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Illustration by Security Management

300 Prisoners at Large After Afghan Jail Siege

Hundreds of prisoners escaped during an Islamic State siege of a prison in Jalalabad, Afghanistan, earlier this week. At least 29 people were killed and more than 50 wounded when the militants—by current estimates, 30 fighters—attacked the prison Sunday evening and clashed with security forces, Reuters reported. After an 18-hour operation, Afghan security forces retook the prison.

More than 300 prisoners are now at large, according to a spokesperson for the governor of Nangarhar province. Of the 1,793 prisoners in the facility—including fighters with links to the Islamic State and the Taliban—more than 1,000 tried to escape and had been recaptured.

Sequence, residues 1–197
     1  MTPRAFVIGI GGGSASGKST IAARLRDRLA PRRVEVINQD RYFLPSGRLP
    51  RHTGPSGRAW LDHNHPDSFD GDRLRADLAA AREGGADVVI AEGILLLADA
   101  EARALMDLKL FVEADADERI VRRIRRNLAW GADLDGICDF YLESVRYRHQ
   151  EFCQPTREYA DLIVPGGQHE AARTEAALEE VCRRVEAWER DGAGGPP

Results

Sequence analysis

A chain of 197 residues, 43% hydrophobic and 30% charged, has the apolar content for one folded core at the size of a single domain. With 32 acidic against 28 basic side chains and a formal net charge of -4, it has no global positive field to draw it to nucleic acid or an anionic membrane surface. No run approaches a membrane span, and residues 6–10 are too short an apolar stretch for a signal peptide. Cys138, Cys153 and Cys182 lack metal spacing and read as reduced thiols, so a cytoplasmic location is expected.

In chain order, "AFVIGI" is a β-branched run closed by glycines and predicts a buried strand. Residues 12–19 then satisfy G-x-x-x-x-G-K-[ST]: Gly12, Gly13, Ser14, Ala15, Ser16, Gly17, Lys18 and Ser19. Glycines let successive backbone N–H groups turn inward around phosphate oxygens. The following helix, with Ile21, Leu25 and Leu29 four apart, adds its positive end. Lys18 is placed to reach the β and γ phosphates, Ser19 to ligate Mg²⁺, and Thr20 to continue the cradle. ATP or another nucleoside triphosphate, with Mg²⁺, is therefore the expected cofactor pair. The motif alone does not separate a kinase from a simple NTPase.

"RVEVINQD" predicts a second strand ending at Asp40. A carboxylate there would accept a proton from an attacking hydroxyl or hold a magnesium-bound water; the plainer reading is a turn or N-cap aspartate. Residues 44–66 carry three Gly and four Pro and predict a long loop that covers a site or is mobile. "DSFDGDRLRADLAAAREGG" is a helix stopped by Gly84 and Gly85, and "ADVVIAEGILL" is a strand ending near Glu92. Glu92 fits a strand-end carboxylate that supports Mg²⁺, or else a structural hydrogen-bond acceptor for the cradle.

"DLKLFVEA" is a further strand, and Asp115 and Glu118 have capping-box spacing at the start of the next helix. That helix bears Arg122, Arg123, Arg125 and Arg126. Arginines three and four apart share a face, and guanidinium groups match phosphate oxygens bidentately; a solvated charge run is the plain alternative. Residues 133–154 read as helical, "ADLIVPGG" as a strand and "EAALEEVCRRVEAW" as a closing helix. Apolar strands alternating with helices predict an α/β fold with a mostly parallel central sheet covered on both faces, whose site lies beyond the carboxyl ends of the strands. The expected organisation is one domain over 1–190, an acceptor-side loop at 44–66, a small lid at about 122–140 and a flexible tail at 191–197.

A July United Nations report estimated there are around 2,200 Islamic State fighters still in Afghanistan and while the group has lost territory and leaders, it remains capable of carrying out high-profile attacks.

Earlier this year, an Islamic State propaganda video encouraged followers to turn to different destructive acts such as crop burnings and arson. The terror group has also encouraged people to plan attacks while governments are focused on addressing the COVID-19 pandemic.

According to an August article from Security Management, foreign fighters at large could continue to pose a long-term threat to nations and people worldwide. According to a different UN report, up to two-thirds of the 40,000 aspirants who joined the ISIS caliphate are still alive. In addition, despite its loss of territory, the group retains a large pool of resources—estimated between $50 million and $300 million by the UN.

“ISIS foreign terrorist fighters, adherents, and dependents will continue to pose a terrorist threat over the short-, medium-, and long-term on a scale many times greater than was the case with al Qaeda from 2002 onwards, based on the much greater numbers involved,” the UN team found.